Flowers is pleased to present a group exhibition of work by ten artists titled, Points of View. This exhibition features work by Jiro Osuga, Patrick Hughes, Peter Howson, Lucy Jones, Claerwen James, Renny Tait, John Kirby, Tai-Shan Schierenberg, Nicola Hicks and Tim Lewis. It runs from January 23 through February 18, 2012.
Jiro Osuga casts a critical eye over every aspect of contemporary Japan where the results are often humorous and exuberant, although the melancholy of his confused cultural identity is a recurrent theme. Patrick Hughes’ world is one of flux and paradoxical space in which vision is mobile. Preconceived assumptions of the eye and brain are challenged, inevitably raising questions about our perception, subconscious and the science of sight.
Peter Howson is an artist of disarming visual honesty. His work, depicting the landscapes of modern war and internal struggle with a Goyaesque brilliance, is testament to an obsessive occupation with the dark recesses of existence, a drive that he has channeled, in recent years, into a robust faith and spiritualism. John Kirby’s evocative and deeply moving paintings portray men painted in flat, still backgrounds and placed in quiet, intense situations that record his anxiety, personal uncertainty, and self-doubt.
Renny Tait conjures up an eerie architectural utopia where all buildings are created equally. By displacing each one into a featureless, uninhabited wilderness, banishing all sense of scale through his universal head-on perspective, and illuminating every subject with the same heavenly glow, he forces us to re-evaluate the whole notion of archetypal beauty. Claerwen James’ paintings stand at a deliberate distance to the moments it explores. There is a watchfulness about the figures as they stare out of the picture: a muted privacy that suggests intimacy but gives nothing away.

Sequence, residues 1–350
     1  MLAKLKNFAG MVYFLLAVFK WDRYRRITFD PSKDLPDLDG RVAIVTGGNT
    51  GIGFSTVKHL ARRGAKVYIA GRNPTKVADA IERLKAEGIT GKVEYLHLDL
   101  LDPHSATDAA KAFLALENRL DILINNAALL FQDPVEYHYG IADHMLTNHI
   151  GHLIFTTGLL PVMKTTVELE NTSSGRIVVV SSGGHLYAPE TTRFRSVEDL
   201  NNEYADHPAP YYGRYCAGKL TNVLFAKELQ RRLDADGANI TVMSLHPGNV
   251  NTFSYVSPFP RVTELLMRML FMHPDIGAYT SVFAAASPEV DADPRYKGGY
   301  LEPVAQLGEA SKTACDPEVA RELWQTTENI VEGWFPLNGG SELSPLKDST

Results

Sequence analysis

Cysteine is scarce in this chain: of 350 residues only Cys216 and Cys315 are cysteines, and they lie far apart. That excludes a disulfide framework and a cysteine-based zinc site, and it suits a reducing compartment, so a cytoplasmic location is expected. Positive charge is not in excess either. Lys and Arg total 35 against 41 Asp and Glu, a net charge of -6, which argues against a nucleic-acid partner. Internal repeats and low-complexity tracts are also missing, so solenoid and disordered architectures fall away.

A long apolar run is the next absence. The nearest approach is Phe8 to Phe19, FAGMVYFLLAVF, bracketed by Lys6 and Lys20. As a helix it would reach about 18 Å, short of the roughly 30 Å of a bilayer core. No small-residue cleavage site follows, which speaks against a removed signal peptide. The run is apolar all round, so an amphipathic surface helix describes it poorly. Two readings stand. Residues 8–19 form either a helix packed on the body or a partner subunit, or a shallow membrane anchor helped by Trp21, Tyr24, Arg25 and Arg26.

Tim Lewis uses a combination of media, including light and electrical motors, to create objects that react to the people and environment around them, taking on properties that they would not naturally possess. These idiosyncratic sculptures represent his exploration of our perception of the world, revealing his own doubts and observations. Lucy Jones sits in the Welsh Marches landscape, remaking it in paint marks and color trying to grasp the tangible weight and power of sky and earth. Characteristically “expressionistic” in manner, this is the genre to which she is often aligned.
Nicola Hicks’ achievement is founded on a unique ability to capture the physicality and psychology of the animal and human figures she depicts. The resulting sculptures and drawings often combine charm as well as menace in equal and sometimes devastating measures. Tai-Shan Schierenberg’s intimate portraits of family and friends, his well-publicized portrait commissions and his subtle landscapes convey a remarkable insight into the content - psychological and aesthetic - of his work. These instinctive visual images refuse to betray the plasticity of the medium.